I’m not quite sure how to describe Rainbow Swag Lord. I think he perfectly encapsulates the creativity and fun of skateboarding. He comes from the same school of skating that gave us the amazing Beez videos and Fancy Lad Skateboards – bravely challenging what is considered “real” skateboarding and denouncing it in favour of just having a laugh. His approach has gained him a huge Instagram following and some unsavoury comments from skateboarding’s biggest names. I guess you either love him or hate him, which is funny considering he is a local of Burton Upon Trent, the home of Marmite. I posed him some questions about what classes as skateboarding, his multi-coloured uniform and bottle flips.
What’s your real name, and where did Rainbow Swag Lord come from?
My actual name is Todd Reddyhoff. “Rainbow Swag Lord” came from a random scooter kid at the skatepark. He asked if he could film me land some tricks so he could put me on his Instagram. I popped a few tricks and asked him what he was going to hashtag me as, and with no thinking time at all he replied “RAINBOW SWAG LORD!”. I didn’t have Instagram at the time, but he sowed the seed. Shout out to that little guy, I have no idea who he is.
Do you have any sponsors?
I never dreamt it was possible for me to get sponsored but it actually happened! It was an absolutely incredible experience, and I’m eternally grateful for those who believed in me.
It was literally a dream come true, but because of my severe lack of skill, I felt a bit out of my depth. I started to become self-conscious of what I was uploading, and I was trying to only post bangers. I almost couldn’t be myself even though my sponsors wouldn’t have cared. I cared.
I had experienced the dream and it was time for someone new to live that dream. I was putting so much pressure on myself to skate well, but that’s not why I skate. Nobody ever said I should skate a certain way, I just felt I should. I upped and left my sponsors, and now I just enjoy skateboarding for skateboarding. That is until Nike comes knocking, and then obviously I’m going to sell out and play golf with Froston.
Where do you shop for all of your rainbow clothing?
Lots of charity shops, and also my local vintage shop. They’re always well equipped with wavy garms. Shout out to Ahoy Sailor for the dench swag. I go to car boot sales and also shop on eBay too, but all my favourite stuff are gifts from kind hearted people. When you dress like this it makes you pretty easy to buy for.
Do random kids recognise you from Instagram?
Yeah, I get no end of people shouting “RAINBOW” when I’m out and about. It’s so humbling after years of suffering abuse for being a skateboarder and for the way I dress. It happens all over the place and it blows my mind. If it’s someone I don’t know I normally just chuck them a dab and they dab back.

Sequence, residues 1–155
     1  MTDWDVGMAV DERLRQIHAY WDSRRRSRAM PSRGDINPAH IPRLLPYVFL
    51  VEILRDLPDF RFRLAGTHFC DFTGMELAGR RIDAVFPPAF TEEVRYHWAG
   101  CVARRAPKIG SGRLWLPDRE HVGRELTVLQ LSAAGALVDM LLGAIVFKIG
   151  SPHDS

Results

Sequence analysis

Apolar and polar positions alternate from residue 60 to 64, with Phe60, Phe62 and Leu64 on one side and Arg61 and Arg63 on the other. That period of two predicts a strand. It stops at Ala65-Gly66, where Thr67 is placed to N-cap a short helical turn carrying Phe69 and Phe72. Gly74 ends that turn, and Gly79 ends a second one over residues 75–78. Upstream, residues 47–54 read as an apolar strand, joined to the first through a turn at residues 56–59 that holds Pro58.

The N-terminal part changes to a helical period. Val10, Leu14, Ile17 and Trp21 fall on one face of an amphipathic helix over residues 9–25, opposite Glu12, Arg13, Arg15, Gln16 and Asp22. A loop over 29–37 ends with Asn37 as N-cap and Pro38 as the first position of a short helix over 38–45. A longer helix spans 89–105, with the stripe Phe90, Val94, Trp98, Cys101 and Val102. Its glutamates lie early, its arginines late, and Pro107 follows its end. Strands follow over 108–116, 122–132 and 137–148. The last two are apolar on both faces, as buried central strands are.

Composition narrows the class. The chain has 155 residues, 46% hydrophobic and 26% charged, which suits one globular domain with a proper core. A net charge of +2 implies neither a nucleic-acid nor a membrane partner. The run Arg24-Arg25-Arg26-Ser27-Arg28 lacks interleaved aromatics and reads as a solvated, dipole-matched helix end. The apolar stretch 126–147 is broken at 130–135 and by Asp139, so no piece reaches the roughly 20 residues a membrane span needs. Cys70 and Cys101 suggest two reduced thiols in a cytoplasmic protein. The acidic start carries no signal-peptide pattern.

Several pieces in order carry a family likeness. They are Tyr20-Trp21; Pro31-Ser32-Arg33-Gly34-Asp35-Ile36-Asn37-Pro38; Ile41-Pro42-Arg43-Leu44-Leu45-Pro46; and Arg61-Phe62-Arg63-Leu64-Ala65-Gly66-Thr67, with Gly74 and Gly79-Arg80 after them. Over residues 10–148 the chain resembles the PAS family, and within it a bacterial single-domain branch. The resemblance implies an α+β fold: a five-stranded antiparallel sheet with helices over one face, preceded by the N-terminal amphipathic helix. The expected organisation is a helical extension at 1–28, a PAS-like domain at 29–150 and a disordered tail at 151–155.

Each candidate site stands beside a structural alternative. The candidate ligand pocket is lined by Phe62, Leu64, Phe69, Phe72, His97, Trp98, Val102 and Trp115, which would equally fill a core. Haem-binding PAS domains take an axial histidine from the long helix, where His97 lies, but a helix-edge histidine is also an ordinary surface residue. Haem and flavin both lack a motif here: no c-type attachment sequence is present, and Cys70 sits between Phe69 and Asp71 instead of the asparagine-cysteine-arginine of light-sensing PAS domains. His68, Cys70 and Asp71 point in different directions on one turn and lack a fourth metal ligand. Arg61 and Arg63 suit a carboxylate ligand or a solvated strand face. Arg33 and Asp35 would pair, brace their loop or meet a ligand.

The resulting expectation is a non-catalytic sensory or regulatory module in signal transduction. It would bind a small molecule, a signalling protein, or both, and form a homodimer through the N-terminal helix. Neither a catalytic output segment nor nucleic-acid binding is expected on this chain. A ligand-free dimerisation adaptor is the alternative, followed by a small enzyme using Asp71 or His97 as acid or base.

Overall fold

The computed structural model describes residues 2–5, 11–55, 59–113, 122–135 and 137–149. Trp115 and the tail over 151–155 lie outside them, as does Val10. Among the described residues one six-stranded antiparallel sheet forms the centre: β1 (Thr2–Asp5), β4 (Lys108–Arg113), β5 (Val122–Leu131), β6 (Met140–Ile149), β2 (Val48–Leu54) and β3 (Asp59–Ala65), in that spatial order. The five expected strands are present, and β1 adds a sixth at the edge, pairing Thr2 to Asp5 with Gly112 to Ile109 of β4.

How did you first get into skateboarding?
I think my first encounter would have been a Police Academy 4 VHS tape I found at home. I used to watch the skateboarding parts on repeat. Rewinding them over and over again trying to work out how they were keeping the board underneath them. I had no idea who the skaters were at the time, but looking back, that movie had quite an impressive lineup actually. It definitely inspired my fashion choices. Also, Bart Simpson has been a great ambassador for skateboarding, he is my hero. He made me want to skate before I knew what skateboarding was.
What made me want to go full time was Tony Hawk’s Pro Skater 2… That game cemented my love for skateboarding. I hadn’t witnessed modern skateboarding at that point, so it just melted my mind. Got my Grandad to take me down Argos the next day to get a new setup. I’d always had an 80s fish shaped board with a Sonic The Hedgehog graphic, which was super hard to learn on. I hadn’t seen modern boards until THPS2. Thanks Tony.
Who influenced your style of skateboarding?
I always did weird stuff because I wasn’t very good at the difficult stuff. Rodney Mullen captured my imagination the most at the beginning. He was like a magician who did tricks that were actual tricks. Working out how he was doing that stuff was like dismantling a complex puzzle. Also, seeing Mike V skate brought me a lot of inspiration early on. Through Sidewalk and Document magazines I found the Death Skateboards team. Watching those videos, I found my identity and taste in tricks. Mixing bangers with weird stuff. Most importantly, be yourself, no matter how weird. Express yourself however you want.